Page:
With 22 grams of protein in only a three-ounce serving, pork tenderloin is one of my favorite go-tos. Look for it to go on sale for around $4.99, or less per pound, and stock up. I buy big loins at Costco, cut them into three or four one-pound pieces, and freeze. They make a really easy dinner (like this balsamic roasted loin) on night one.

For night two, mix up some Mojitos, fry plantains, and try some easy Cubanos (Cuban pork sandwiches).

9. Lentils

There aren't many things that are as cheap to make (and as filling) as lentils. A 16-ounce bag can be had for less than $3. Besides being a great source of fiber, they also contain potassium, calcium, zinc, niacin and vitamin K. For the first meal, lentils prepared in the French style are simple and flavorful.

For the leftovers, let's make lentil burgers. Allow the lentils (about a cup and a half) to come to room temperature. Add two beaten eggs, a half-cup of panko crumbs, salt and pepper and about a tablespoon of flour. Mix well. Shape into patties and fry. Serve on toasted buns with the usual fixings.

10. Tacos

Tacos are usually a very inexpensive meal. They can be filled with so many different things, from hamburger to turkey, fish, roasted vegetables, or just beans. You may spend a lot of time chopping up toppings on night one, but on night two, it's farmer's omelet time. I like to toss all the leftovers into my big skillet, add 3-4 beaten eggs, and fry it up. Top with salsa and sour cream. It's fast and delicious.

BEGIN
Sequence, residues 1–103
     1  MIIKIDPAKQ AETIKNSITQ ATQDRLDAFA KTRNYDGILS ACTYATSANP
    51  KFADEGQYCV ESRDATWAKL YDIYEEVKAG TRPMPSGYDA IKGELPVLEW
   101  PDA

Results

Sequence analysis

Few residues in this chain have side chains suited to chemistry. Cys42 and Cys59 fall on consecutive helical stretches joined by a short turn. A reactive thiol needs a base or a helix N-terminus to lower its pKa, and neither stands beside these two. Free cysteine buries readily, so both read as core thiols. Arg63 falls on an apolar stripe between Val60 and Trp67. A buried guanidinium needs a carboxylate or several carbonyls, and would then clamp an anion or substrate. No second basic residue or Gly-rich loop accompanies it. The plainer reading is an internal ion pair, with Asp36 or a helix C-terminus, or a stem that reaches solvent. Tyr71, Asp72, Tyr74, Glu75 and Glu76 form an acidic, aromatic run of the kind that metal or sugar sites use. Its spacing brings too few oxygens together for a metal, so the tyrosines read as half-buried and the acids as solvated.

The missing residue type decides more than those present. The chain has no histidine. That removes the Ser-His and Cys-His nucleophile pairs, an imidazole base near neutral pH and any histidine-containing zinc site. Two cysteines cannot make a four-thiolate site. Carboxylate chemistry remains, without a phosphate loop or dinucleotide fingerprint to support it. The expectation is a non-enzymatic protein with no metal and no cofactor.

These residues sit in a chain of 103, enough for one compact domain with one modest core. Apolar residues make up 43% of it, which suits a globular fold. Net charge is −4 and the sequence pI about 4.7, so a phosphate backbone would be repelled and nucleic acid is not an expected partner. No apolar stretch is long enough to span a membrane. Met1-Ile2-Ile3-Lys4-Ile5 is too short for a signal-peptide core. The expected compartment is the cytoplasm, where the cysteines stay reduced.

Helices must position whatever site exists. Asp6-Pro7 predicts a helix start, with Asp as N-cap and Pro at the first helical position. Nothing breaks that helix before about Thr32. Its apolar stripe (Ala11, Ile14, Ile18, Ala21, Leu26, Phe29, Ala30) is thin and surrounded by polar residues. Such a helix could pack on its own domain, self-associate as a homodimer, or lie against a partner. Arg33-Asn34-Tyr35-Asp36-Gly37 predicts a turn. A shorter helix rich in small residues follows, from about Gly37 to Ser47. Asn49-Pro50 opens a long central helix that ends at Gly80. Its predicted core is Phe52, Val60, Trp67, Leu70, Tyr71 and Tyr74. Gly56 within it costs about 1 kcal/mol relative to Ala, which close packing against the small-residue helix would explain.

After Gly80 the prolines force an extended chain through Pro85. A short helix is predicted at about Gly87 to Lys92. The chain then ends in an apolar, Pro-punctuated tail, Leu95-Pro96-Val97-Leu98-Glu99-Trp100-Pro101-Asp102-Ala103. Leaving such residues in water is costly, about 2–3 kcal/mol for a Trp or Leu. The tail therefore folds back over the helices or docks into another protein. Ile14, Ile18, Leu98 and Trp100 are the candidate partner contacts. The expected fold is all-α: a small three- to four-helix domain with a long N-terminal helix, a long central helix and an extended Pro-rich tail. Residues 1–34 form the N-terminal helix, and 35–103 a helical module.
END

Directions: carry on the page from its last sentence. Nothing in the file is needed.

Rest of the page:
11. Turkey

Who says turkey is just for Thanksgiving? The best prices are, of course, around the holidays. When they are less than a dollar a pound, why not buy two and freeze one? Besides being a great source of protein, turkey is also a source of iron, zinc, potassium, B6, and niacin. My husband smokes them in our smoker and on night one, we do a semi-traditional turkey dinner (even in summer).

There will be a ton of meat to package for leftovers. I think my favorite way to feature the meat on night two is in these turkey enchiladas.

How do you salvage leftovers? Share with us!